So one of the issues that arises is that the user may have all these gums and a person may not want to eat an entire pack. They may eat a certain amount, but maybe it is not what they want, so one option is to use blister packs. One nice thing about blister packs is that it has the ability to individually label each of the items, so there is a big individual picture of the whole thing which might allow for interaction, it might have an FC tag on each one, or an RHD tag that people might have on their cells phones. As the package gets broken out and the drug or the gum is taken, out, then it breaks a circuit and the blister pack is also a circuit board, so it knows when and where things have been broken out. So that information goes to a central processor that is on the blister itself, which can be just a small, simple, computer date stamping the times in which each of the blisters has been broken... a time and date stamp. The blister pack could then be inserted into a Bluetooth communicator, or gets swiped, or maybe it is embedded with a chip, and then the chip gets read, or it emits a Bluetooth signal to a cell phone app and the app is recording and updating the amount and type of sugar that the person is taking. Then individual blister packs can be made for people that is warranted and maybe they like a certain flavor. One problem is there are so many different flavors and different desserts that someone can be addicted to, and there is also the number of levels of sugar for each one of those to be manufactured, the relative sugars are not easy, and then the final one is that one doesn't know how much this person wants. It could be a small or large quantity that the person is consuming, so one gives them a bottle or one gives them a stick, knowing how much quantity to give. So another invention is to make this sugary gum at home using, e.g., a simple machine that gets a sugar mix and a flavor and then drops it into the gum-making machine, which takes regular guar gum and then mixes the flavors into it and then it is for chewing, and this can be programmed from somebody's cell phone and the person would just get various cartridges to make their own gum. So the consumer make his or her own gum, and this would allow us to cover multiple people in the family, and this would allow each person to the machine would know each person and where they are on the plan, and then the app would track what their intake has been, and then ultimately we take down the sweetness altogether. So first we taper the sugar and then we taper the xylitol or sucralose. So this machine could have a special unit of gum such as an absorbant that can be put into the machine, or the machine may inject the flavoring into the core of the gum as a liquid, and then as soon as the user chews the gum, the flavor bursts out and mixes in their mouth and then maybe they can control the amount that comes out. This also allows users the flexibility to change the parameters of their sugar weaning process to suit change things to their own needs. Ingredients and parameters may be altered and different flavors can be added to the device, and each cartridge would make a certain number of pieces of gum, so it would make a number of servings and those could be either frozen, or put into a bottle, and there would be some preservatives involved.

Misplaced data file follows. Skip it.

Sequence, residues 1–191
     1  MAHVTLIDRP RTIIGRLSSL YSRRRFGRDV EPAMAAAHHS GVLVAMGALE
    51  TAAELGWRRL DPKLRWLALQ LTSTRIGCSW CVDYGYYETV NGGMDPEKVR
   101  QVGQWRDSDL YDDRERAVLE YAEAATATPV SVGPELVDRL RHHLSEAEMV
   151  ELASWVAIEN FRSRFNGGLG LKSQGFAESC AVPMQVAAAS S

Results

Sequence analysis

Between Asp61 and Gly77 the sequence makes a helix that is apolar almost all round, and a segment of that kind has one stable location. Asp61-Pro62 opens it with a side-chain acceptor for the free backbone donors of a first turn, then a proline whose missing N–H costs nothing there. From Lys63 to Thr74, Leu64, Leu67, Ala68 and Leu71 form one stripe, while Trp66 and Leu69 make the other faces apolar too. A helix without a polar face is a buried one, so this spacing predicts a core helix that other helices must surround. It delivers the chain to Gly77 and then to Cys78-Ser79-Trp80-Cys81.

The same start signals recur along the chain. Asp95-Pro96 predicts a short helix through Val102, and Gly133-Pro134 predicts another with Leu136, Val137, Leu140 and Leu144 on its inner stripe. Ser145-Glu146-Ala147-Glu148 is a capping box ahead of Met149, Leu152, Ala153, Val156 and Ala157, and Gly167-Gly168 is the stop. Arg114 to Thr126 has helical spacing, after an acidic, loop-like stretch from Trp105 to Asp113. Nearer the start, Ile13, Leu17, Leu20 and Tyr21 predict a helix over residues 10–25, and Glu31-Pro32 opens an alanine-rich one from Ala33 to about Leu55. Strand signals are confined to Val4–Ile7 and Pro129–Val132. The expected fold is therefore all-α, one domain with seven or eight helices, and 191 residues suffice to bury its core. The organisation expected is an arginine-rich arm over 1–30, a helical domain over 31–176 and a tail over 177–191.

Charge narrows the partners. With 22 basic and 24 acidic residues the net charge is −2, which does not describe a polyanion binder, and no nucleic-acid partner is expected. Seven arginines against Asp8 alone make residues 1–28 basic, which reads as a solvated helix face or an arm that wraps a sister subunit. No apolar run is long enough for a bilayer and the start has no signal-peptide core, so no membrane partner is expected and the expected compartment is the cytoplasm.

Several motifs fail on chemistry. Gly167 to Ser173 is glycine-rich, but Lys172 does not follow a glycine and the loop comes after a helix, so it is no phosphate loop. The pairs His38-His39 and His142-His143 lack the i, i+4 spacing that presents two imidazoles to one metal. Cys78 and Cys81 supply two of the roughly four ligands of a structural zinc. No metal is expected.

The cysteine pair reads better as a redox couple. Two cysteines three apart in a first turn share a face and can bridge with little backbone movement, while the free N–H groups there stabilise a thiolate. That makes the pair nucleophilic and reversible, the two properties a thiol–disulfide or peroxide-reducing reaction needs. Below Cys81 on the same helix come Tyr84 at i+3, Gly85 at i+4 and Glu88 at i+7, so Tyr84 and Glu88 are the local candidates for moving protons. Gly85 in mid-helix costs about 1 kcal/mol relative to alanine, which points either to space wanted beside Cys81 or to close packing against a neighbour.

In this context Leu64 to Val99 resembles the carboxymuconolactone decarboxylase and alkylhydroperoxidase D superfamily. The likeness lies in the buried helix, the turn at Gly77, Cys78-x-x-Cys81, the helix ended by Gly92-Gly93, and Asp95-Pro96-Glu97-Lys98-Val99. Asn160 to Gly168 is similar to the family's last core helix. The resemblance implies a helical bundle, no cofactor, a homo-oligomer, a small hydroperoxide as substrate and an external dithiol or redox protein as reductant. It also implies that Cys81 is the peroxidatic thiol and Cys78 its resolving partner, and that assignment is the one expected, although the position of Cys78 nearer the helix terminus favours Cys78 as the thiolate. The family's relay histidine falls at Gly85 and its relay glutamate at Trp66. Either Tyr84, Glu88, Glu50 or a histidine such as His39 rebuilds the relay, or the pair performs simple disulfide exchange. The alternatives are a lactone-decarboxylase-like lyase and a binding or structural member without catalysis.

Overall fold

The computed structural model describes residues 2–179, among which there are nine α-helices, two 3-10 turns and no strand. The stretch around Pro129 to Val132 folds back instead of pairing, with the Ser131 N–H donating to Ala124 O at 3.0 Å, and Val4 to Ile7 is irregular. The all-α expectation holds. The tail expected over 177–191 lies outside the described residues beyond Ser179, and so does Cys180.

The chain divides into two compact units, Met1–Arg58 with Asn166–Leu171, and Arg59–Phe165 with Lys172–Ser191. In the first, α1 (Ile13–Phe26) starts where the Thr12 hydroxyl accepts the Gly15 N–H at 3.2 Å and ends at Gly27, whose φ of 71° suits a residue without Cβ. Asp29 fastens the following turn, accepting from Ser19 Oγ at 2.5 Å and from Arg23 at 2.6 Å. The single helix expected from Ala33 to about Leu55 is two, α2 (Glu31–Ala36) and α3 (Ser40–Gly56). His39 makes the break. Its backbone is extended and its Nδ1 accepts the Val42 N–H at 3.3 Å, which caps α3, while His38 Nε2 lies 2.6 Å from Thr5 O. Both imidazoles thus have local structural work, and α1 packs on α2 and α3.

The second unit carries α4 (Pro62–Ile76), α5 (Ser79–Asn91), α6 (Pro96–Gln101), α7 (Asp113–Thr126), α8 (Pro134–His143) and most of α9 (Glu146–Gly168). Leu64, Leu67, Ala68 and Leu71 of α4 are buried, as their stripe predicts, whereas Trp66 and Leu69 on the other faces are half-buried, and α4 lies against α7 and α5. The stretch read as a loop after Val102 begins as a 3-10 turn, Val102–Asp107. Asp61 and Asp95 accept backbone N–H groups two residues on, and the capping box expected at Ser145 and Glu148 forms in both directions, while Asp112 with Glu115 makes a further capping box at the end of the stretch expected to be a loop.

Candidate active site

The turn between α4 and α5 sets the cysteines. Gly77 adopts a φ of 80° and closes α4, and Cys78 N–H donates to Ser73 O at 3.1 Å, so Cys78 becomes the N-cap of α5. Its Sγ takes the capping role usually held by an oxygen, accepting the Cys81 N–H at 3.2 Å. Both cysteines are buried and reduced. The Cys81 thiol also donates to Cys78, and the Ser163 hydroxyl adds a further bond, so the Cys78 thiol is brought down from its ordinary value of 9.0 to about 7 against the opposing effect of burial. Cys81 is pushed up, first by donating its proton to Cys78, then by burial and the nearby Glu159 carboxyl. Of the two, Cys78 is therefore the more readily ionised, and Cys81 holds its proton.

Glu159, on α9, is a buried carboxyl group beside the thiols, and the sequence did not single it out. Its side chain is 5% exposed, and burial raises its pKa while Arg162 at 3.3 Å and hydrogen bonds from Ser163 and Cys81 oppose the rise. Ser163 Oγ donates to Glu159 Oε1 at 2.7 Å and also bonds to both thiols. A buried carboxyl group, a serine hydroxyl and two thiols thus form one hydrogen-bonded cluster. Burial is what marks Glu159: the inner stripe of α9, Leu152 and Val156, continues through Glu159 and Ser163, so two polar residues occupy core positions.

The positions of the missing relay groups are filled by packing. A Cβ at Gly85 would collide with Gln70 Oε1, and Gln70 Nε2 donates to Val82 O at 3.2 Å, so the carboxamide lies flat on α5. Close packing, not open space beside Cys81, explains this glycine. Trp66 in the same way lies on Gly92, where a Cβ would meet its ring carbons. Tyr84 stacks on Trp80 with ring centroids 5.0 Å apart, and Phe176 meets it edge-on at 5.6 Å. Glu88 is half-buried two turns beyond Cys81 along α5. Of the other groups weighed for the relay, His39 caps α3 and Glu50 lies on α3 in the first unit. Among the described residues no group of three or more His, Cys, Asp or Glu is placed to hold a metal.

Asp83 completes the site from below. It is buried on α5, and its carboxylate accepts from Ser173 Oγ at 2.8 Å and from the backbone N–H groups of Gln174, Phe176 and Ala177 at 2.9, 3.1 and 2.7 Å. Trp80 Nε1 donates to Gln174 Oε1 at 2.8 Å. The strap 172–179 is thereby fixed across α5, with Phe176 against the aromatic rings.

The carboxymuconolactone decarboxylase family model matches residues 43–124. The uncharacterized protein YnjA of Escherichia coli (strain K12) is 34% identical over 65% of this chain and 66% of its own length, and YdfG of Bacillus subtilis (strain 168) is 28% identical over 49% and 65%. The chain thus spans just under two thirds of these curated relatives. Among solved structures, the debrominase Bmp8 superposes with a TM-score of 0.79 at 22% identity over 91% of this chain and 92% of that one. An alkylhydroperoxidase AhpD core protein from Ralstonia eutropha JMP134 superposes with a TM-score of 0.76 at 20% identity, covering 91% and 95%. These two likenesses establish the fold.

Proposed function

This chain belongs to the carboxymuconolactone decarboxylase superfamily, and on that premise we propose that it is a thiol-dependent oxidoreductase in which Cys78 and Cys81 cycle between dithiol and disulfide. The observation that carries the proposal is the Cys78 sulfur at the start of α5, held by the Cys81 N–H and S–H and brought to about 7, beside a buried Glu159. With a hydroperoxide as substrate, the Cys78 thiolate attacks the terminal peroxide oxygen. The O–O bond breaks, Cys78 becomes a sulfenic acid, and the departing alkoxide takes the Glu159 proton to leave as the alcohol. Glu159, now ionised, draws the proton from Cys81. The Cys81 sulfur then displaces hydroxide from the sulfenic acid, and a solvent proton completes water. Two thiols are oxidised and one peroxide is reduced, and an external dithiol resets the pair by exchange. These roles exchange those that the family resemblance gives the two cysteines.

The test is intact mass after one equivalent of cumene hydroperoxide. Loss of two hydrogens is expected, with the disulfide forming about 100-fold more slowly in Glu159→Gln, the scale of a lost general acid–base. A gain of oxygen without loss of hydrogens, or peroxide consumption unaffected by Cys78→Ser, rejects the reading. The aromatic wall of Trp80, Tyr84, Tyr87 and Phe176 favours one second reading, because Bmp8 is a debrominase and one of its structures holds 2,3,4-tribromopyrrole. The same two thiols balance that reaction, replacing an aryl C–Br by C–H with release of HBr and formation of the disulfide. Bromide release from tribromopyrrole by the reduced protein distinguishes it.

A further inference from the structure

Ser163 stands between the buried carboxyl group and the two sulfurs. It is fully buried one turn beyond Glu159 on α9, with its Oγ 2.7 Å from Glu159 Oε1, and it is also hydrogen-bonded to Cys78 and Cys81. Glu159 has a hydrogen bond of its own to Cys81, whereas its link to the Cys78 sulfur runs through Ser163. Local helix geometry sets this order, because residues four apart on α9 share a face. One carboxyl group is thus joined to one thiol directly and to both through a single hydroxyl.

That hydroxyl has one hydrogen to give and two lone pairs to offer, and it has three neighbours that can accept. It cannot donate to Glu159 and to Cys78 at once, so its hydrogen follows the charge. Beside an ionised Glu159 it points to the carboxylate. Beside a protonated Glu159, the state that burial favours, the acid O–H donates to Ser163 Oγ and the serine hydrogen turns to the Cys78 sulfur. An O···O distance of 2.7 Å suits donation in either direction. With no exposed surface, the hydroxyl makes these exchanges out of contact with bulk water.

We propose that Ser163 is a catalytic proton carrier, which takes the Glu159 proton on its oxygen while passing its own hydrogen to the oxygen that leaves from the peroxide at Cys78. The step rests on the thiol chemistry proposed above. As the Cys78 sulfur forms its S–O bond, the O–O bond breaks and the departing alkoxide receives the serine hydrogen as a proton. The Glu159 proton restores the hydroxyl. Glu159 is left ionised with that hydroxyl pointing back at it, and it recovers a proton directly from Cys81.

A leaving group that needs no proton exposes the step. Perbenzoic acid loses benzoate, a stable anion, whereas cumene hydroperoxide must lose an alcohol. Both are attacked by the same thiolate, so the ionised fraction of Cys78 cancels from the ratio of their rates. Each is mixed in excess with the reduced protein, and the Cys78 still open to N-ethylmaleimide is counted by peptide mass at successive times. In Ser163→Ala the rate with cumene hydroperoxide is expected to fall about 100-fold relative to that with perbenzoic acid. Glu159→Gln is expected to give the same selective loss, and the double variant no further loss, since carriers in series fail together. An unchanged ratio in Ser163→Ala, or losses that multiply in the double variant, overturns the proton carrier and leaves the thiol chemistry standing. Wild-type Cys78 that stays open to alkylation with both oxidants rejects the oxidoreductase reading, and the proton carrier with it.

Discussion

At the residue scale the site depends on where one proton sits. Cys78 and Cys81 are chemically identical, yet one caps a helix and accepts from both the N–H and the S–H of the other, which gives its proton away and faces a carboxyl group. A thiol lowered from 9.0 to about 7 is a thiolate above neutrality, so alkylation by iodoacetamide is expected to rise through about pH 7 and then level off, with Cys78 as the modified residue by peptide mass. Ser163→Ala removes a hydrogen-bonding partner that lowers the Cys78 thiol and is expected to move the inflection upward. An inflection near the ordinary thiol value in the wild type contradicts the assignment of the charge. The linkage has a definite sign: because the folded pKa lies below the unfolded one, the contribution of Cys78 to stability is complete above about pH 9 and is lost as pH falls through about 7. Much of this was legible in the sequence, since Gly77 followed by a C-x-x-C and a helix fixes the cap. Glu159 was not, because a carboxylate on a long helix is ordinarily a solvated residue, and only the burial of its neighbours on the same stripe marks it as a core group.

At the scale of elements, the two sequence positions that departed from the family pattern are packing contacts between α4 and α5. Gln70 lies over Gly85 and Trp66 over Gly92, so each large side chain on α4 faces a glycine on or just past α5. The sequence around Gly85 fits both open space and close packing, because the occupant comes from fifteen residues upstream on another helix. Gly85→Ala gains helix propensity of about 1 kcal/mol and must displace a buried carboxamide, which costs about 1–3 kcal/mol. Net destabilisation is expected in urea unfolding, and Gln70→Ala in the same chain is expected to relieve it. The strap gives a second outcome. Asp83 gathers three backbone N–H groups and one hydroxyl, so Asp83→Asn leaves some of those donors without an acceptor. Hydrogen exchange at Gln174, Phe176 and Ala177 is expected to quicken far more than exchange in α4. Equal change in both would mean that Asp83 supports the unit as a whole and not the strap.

In another embodiment, to include all of the artificial sweeteners, including sorbitol, mannitol, xylitol, aspartame, saccharin, etc., in each embodiment.